Men feared that if women were educated they would become superior to men, so they did not allow us to be educated. Couldn’t the women have challenged the men and refused to submit? It seems clear now that it was we women who abandoned our responsibilities to ourselves and felt content to let men do everything for us. As long as we could live in comfort and leisure, we let men make all the decisions for us.

When men said we were useless, we became useless; when they said we were incapable, we stopped questioning them even when our entire female sex had reached slave status. At the same time we were insecure in our good fortune and our physical comfort, so we did everything to please men. When we heard that men liked small feet, we immediately bound them just to please them, just to keep our free meal tickets. As for their forbidding us to read and write, well, that was only too good to be true. We readily agreed. Think about it, sisters, can anyone enjoy such comfort and leisure without forfeiting dearly for it? It was only natural that men, with their knowledge, wisdom, and hard work, received the right to freedom while we became their slaves. And as slaves, how can we except repression? Whom can we blame but ourselves since we have brought this on ourselves? I feel very sad talking about this, yet I feel that there is no need for me to elaborate since all of us are in the same situation.

I hope that we all shall put aside the past and work hard for the future. Let us all put aside our former selves and be resurrected as complete human beings. Those of you who are old, do not call yourselves old and useless. If your husbands want to open schools, don’t stop them; if your good sons want to study abroad, don’t hold them back. Those among us who are middle-aged, don’t hold back your husbands lest they lose their ambition and spirit and fail in their work. After your sons are born, send them to schools. You must do the same for your daughters and, whatever you do, don’t bind their feet. As for you young girls among us, go to school if you can. If not, read and study at home. Those of you who are rich, persuade your husbands to open schools, build factories, and contribute to charitable organizations. Those of you who are poor, work hard and help your husbands. Don’t be lazy, don’t eat idle rice. These are what I hope for you. You must know that when a country is near destruction, women cannot rely on the men any more because they aren’t even able to protect themselves. If we don’t take heart now and shape up, it will be too late when China is destroyed.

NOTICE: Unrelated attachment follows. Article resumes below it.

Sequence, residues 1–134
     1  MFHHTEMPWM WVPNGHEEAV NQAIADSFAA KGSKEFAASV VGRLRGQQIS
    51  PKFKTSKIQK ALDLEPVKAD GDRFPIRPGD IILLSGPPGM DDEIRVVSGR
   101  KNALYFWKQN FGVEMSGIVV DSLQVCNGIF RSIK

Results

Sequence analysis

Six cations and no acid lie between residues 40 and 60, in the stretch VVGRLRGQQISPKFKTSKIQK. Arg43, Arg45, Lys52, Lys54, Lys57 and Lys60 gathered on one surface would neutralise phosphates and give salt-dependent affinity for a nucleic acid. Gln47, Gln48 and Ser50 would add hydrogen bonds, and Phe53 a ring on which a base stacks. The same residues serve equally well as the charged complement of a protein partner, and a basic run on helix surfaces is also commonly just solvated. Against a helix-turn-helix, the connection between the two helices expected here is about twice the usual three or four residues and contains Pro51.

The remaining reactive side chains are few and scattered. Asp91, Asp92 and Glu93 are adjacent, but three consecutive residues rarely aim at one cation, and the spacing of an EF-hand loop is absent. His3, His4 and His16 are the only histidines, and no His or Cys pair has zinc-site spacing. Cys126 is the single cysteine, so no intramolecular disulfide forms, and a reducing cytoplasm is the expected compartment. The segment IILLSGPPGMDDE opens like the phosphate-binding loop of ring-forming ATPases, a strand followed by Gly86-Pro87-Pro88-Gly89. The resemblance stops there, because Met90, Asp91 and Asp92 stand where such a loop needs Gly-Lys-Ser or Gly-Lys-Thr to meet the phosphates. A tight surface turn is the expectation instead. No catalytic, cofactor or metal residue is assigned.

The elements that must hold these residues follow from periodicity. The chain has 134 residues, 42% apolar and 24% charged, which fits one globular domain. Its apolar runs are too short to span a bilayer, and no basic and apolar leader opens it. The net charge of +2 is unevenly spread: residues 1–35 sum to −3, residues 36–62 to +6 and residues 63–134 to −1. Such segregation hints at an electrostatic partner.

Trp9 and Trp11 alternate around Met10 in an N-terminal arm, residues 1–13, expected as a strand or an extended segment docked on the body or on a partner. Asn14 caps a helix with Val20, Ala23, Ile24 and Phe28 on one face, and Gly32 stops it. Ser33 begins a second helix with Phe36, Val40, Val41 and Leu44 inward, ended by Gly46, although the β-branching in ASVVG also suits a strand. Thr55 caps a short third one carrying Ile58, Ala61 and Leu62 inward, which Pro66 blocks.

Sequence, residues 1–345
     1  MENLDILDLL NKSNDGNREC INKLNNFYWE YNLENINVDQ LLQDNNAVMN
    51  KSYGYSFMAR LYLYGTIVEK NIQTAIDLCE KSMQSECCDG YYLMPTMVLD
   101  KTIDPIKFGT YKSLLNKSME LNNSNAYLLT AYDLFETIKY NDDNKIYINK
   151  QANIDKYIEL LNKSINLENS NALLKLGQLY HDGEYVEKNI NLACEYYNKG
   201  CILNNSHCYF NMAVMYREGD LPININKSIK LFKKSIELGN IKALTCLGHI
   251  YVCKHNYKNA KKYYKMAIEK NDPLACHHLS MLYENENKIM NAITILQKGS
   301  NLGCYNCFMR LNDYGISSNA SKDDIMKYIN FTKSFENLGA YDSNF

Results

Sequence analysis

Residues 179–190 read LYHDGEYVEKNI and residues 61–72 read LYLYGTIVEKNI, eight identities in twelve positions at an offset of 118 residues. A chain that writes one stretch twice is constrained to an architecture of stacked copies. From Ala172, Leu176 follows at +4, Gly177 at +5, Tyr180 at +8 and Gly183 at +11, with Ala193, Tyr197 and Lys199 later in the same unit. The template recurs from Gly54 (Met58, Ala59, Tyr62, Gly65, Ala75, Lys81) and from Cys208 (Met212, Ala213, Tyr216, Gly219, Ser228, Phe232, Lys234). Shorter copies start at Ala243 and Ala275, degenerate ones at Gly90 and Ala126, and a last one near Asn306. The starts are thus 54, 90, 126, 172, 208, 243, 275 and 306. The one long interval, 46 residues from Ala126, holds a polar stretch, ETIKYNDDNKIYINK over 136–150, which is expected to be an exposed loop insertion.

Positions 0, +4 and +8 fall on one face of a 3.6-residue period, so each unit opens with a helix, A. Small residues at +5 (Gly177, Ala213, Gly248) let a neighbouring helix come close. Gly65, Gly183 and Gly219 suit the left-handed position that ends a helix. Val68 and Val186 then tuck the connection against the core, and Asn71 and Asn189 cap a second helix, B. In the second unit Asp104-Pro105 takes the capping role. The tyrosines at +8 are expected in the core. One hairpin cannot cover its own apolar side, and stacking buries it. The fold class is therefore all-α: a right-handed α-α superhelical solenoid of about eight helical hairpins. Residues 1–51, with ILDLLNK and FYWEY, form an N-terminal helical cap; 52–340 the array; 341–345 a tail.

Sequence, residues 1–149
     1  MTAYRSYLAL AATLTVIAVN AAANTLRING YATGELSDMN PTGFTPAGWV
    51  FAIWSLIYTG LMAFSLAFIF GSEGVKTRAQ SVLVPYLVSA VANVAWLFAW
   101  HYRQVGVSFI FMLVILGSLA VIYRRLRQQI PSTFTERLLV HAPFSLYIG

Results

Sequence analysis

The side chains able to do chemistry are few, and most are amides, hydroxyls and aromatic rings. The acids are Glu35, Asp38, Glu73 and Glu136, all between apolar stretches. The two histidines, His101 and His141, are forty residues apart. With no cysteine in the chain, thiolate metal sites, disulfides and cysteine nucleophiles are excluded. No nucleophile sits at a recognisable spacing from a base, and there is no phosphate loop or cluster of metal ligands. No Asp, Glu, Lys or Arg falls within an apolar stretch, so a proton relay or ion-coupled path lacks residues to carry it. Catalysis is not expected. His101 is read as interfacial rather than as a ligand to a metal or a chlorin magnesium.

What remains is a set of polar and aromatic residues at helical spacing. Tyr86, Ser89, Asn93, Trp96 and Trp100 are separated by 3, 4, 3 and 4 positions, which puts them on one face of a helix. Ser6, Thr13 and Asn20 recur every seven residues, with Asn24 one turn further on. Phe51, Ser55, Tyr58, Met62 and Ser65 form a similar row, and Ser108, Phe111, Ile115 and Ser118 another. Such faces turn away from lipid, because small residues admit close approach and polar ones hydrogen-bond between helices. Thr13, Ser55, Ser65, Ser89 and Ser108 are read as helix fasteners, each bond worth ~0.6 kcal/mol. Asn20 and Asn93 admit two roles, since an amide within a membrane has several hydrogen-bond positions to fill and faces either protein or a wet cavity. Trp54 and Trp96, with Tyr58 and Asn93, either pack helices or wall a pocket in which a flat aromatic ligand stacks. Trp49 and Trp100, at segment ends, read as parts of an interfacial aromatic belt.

Sisters, we must follow through on these ideas!


Translation by Nancy Gibbs.



Source: Chinese Civilization and Society: A Sourcebook, ed. Patricia Buckley Ebrey,  (New York: Free Press) 1981, pp. 247-248.